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v7ndotcom elursrebmem in Wall Street Journal

Obviously Lee Gomes of the Wall Street Journal is in need of about $4,000 because he’s joined the largest SEO ranking contest in history; just kidding. V7n’s v7ndotcom elursrebmem Google ranking competition just received the coverage it needs to bring the world of Search Engine Optimization to the next level as WSJ featured the competition with insight from John Scott and Jim Westengren (who is currently in first place).

Gomes writes that Westengren is keeping within ethical SEO limits : “Mr. Westergren says he will go only as far as using “gray hat” methods, including purchasing links. But he says that being a front-runner makes you a target for the black hatters. They might, for instance, “promote” your site via the sort of spam that Google is known to frown upon. The end result of that, says Mr. Westergren, is that your site could be demoted.”

However, it should be noted that not all sites within the top results are using such safe & cuddly forms of ranking techniques. For example, v7n member Nin10do (aka. King of Da Wackos) has used the questionable technique of spammy cloaking which got BMW booted from Google results the other week. On v7n Forums Nin10do adds “Out of 5,070,000 results, the 7th listing is my hard-core cloaking/spam/keyword stuffing site!!!”

One nice statistic on the competition is that Gomes writes that v7ndotcom elursrebmem has already reached a link “figure exceeded three million links, more than the ones for Junichiro Koizumi, the prime minister of Japan.”

Regardless, what chúng tôi has put together is the largest and possibly last major SEO contest, as once the winner is announced will come the contest copycats (this is already happening). The WSJ article has done more than legitimize the contest, as it has already led to Matt Cutts from Google blogging about it, something Mr. Cutts has stayed away from for the past month (and notice that Matt did not mention the keyword).

Come to think of it, on his Internet Marketing Blog John mentioned that Buzz for the contest was dying down a bit and published this Technorati chart on contest mentions:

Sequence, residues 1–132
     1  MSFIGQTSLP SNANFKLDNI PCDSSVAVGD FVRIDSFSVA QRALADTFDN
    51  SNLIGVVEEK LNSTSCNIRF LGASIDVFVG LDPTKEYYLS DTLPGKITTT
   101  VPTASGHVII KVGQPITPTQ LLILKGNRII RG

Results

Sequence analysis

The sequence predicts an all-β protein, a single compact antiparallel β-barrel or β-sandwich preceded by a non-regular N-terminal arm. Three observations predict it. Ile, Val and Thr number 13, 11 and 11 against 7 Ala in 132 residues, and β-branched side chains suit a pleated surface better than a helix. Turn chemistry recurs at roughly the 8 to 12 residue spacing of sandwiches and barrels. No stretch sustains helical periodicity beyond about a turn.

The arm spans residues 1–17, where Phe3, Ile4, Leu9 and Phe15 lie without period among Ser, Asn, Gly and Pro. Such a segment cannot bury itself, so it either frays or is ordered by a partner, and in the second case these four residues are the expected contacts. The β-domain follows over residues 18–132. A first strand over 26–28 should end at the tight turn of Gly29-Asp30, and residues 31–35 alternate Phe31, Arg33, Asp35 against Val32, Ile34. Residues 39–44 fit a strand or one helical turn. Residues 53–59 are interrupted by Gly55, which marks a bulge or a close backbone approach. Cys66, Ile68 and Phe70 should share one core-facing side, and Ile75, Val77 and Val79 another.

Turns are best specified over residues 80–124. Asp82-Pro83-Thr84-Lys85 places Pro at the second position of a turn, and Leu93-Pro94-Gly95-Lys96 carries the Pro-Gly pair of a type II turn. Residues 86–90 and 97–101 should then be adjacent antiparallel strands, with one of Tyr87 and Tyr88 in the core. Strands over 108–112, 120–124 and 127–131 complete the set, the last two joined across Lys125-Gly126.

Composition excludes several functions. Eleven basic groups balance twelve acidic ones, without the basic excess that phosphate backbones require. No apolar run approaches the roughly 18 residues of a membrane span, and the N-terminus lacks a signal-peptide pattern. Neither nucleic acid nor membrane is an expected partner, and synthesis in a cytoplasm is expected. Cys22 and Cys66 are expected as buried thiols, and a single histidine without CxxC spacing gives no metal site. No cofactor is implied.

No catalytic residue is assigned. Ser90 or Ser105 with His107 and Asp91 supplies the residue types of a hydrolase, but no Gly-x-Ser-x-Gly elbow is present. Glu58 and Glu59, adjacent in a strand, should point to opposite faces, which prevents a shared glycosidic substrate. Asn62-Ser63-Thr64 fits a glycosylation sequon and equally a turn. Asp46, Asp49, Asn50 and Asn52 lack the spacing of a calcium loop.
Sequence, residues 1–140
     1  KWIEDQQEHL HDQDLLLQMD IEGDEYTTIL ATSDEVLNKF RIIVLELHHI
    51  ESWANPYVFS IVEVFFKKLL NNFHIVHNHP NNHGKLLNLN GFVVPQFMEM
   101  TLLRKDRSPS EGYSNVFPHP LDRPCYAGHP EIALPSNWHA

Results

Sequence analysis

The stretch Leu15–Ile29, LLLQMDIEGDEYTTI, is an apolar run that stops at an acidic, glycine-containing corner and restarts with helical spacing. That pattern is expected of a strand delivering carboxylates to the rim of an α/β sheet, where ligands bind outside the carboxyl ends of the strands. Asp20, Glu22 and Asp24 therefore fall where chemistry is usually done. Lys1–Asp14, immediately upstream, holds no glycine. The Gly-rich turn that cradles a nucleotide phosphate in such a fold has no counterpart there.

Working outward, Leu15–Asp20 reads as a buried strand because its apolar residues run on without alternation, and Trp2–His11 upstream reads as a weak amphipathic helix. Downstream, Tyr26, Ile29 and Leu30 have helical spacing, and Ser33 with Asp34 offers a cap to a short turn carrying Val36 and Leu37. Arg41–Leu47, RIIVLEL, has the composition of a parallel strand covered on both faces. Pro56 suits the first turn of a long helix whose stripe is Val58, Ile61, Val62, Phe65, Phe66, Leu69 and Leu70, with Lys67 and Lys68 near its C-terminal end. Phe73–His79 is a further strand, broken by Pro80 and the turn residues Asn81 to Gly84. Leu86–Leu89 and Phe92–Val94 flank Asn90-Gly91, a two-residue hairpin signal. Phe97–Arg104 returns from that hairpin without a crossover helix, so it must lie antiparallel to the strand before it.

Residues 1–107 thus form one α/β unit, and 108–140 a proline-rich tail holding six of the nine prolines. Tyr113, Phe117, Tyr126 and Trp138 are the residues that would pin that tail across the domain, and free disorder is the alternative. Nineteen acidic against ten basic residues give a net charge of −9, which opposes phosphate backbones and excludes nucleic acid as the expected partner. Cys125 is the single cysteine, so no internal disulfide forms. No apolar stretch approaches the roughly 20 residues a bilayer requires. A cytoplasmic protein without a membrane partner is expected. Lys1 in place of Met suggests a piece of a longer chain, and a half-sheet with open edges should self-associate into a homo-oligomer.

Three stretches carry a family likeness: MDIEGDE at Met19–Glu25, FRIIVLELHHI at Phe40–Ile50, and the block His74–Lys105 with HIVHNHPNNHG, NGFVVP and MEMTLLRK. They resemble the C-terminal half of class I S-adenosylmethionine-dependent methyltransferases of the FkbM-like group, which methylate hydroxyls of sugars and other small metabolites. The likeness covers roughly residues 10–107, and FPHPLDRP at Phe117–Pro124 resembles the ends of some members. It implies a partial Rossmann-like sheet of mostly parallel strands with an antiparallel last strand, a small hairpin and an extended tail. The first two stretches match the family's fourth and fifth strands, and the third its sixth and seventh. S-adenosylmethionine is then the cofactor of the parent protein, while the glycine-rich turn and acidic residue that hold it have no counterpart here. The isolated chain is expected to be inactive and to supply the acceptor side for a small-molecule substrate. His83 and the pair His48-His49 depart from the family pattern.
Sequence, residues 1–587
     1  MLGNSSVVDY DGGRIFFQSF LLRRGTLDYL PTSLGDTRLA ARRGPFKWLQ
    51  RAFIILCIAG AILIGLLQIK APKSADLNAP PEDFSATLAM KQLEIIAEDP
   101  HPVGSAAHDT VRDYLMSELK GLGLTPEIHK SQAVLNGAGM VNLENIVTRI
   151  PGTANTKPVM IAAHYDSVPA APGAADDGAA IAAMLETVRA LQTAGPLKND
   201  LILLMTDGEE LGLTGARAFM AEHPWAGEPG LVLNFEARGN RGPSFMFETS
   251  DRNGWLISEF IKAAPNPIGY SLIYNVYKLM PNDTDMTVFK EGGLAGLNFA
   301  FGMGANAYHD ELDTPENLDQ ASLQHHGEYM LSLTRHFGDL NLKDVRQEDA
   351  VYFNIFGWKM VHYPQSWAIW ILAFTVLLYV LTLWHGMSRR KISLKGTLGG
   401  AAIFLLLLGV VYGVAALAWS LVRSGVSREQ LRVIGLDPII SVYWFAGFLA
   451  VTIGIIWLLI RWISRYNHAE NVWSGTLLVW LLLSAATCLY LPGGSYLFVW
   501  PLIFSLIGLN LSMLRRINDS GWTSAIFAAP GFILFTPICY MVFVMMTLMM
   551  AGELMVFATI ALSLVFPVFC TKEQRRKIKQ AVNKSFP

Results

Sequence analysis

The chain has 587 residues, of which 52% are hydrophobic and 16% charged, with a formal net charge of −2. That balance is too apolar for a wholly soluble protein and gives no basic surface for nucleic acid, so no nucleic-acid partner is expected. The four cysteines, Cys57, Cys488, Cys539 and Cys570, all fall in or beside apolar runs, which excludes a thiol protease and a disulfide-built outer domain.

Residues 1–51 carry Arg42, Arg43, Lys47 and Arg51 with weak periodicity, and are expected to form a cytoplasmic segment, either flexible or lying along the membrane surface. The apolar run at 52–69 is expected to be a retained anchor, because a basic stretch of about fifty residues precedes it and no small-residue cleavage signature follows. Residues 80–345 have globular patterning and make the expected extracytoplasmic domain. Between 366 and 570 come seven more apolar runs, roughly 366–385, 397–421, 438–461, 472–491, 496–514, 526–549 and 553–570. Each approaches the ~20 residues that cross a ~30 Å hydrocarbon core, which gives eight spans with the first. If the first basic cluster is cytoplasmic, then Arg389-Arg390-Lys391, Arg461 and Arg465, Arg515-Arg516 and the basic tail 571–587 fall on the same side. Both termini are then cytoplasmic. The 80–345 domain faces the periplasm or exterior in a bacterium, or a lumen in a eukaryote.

Looks like today’s WSJ story may pick up that buzz just enough to give V7ndotcom another peak in the buzz box. I talked to John today about the contest and how it has been going to date. “The contest has had its ups and downs. I think we’ve seen some ugliness here and there, but we’ve moved past that and I think that it has brought the SEO community closer than any time in the past.”

John added “The main purpose of the contest was to bring fun-ness to the SEO community and I think it has accomplished that. I hop in moving forward we can do so as a community. Many thanks to Lee Gomes of the WSJ for his interest in the contest and his fair coverage of it.”

Expect more on v7n’s SEO contest this week.

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Wall Street Beat: Tech Earnings Season Could Be Stormy

Get ready for a perfect storm of earnings news. With tech bellwethers including IBM, Microsoft, Intel and Google set to issue financial reports next week, earnings season will pick up in earnest and judging from recent forecasts and profit warnings, it could be a bumpy ride.

“While economic uncertainty in Western Europe had an effect on consumer PC shipments, expectations of a healthier economic outlook in North America could not stimulate consumer PC demand in that region,” said Mikako Kitagawa, principal analyst at Gartner , in the company’s report on quarterly PC sales Thursday. “The healthy professional PC market as well as growth in emerging markets could not compensate for the weaknesses in mature markets, with overall growth still negative.”

Worldwide PC shipments totaled 92.2 million units in the fourth quarter of 2011, a 1.4 percent decline from the fourth quarter of 2010, according to Gartner.

On its part, IDC Wednesday also said that sales of personal computers slowed in the last three months of 2011, due to a weak economy, scarce hard drives as a results of flooding in Thailand and the competition from tablets. According to IDC’s calculations, global PC shipments totaled 92.7 million in the fourth quarter of 2011, down 0.1 percent compared with the same quarter in 2010.